- blood tests to rule out celiac disease
- flexible sigmoidoscopy to examine your lower colon
- colonoscopy to examine your entire colon
- x-ray with contrast (barium) to view your gastrointestinal tract
- CT scan to view your abdominal organs
The treatment plan for stringy stool depends on the cause. If it only happens once in a while, you will likely not need any treatment.
If the stringy stool is caused by constipation, drinking plenty of water and eating more fiber-rich foods should help. Some fiber-rich foods are:
- fresh fruits and vegetables
If necessary, you may also take a fiber supplement.
When stringy stool is caused by celiac disease, eliminating all products containing gluten from your diet helps keep it under control.
Parasite or infection
If stringy poop is caused by a parasite or other infection, you may need medication to clear it up. Most parasites are treated with anti-parasitic drugs. Some are eliminated in one treatment while others require treatment for several weeks.
You shouldn’t use herbal remedies to treat parasites unless advised by your doctor. Herbal remedies are potent and may be dangerous if used incorrectly.
Salmonella and other intestinal infections often clear up on their own in several days. In severe cases, your doctor may prescribe antibiotics or antidiarrheal medications. It’s also important to drink plenty of water to replenish fluids lost due to vomiting and diarrhea.
Treatment for colorectal cancer depends on the stage. Early-stage cancer may be resolved with minimally invasive surgery. Invasive colorectal cancer may be treated by removing part of the colon and the surrounding lymph nodes. Chemotherapy, radiation therapy, and targeted drug therapy may also be used.
When the cause of stringy poop is serious, such as a bowel obstruction or hernia, you’ll need urgent care. A combination of surgery and medication may be needed.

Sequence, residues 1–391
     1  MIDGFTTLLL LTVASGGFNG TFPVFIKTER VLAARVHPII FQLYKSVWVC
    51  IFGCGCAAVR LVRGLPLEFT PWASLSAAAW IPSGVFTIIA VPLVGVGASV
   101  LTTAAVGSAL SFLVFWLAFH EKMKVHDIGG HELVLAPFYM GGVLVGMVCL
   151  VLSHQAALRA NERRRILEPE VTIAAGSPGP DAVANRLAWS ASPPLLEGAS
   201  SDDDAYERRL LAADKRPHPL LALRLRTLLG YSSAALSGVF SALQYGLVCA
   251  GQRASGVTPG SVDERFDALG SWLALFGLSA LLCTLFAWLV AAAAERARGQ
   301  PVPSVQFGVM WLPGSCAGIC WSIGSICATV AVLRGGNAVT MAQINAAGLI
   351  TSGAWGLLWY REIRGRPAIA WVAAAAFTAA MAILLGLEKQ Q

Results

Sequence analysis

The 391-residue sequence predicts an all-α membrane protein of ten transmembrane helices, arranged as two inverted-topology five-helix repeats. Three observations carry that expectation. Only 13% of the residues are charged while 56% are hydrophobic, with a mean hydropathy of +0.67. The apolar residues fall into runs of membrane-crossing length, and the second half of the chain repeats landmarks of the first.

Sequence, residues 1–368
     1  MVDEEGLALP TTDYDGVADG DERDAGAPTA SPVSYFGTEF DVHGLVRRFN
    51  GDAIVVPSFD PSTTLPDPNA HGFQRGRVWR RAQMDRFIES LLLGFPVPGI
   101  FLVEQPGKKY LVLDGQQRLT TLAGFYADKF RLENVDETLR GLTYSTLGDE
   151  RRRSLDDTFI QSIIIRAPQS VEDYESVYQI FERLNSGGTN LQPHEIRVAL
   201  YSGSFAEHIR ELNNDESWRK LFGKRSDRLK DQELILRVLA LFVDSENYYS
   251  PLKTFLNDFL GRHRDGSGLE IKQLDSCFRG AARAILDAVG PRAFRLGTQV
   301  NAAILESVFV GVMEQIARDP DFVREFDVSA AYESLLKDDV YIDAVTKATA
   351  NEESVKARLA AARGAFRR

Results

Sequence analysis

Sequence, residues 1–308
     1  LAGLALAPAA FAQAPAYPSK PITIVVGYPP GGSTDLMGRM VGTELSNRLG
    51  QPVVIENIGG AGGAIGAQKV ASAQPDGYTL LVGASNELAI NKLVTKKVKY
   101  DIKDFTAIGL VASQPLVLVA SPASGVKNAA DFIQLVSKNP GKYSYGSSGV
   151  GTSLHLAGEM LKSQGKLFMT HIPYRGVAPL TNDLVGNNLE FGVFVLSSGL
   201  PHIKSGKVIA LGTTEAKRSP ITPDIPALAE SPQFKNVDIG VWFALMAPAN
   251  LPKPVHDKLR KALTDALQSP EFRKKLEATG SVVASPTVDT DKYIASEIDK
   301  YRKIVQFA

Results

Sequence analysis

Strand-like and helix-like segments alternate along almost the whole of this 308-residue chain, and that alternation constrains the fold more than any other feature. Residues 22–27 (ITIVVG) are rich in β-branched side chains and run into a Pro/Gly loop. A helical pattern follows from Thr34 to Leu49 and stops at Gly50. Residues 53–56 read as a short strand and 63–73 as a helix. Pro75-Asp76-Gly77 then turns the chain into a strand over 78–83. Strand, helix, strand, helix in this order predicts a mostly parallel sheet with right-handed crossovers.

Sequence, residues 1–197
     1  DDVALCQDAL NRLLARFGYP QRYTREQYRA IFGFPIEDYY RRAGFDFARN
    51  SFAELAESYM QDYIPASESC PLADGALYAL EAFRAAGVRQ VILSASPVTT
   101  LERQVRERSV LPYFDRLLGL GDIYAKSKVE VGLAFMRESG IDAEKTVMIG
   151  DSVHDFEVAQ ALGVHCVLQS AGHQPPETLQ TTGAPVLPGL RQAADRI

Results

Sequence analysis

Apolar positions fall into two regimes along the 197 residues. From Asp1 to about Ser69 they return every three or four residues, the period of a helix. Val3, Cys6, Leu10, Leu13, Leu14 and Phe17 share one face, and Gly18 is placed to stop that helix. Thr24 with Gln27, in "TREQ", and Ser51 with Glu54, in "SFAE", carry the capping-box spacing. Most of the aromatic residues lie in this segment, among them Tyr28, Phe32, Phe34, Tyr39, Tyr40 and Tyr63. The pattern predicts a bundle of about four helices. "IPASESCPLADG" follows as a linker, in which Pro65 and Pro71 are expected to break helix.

Most people experience stringy poop at least once. In most cases, the outlook is good. When the condition is sporadic and you do not have other symptoms, it’s likely nothing to worry about and should resolve on its own within a short time.
When stringy poop is caused by a serious condition, your outlook depends on how quickly you receive care and the extent of the damage. In many cases, dietary changes, medication, surgery, and good aftercare successfully resolves symptoms.
When it comes to poop, the important thing is for you to know what is normal for you. If you’ve never had stringy poop before and suddenly have it regularly, contact your doctor.
Should I take a daily fiber supplement?
Experts recommend 25-35 grams of fiber per day. You can get this amount of fiber from your normal diet with or without supplements. Make sure that you’re eating soluble fiber instead of insoluble fiber, or you may experience constipation. Consuming too much fiber in your diet and not drinking enough caffeine-free beverages can also lead to constipation.
Increasing your daily fiber intake can cause abdominal bloating, excessive gas, and diarrhea. These symptoms usually resolve once your body adjusts to your new diet. You should increase your fiber intake by about 5 grams per week until you reach your target level.Graham Rogers, MDAnswers represent the opinions of our medical experts. All content is strictly informational and should not be considered medical advice.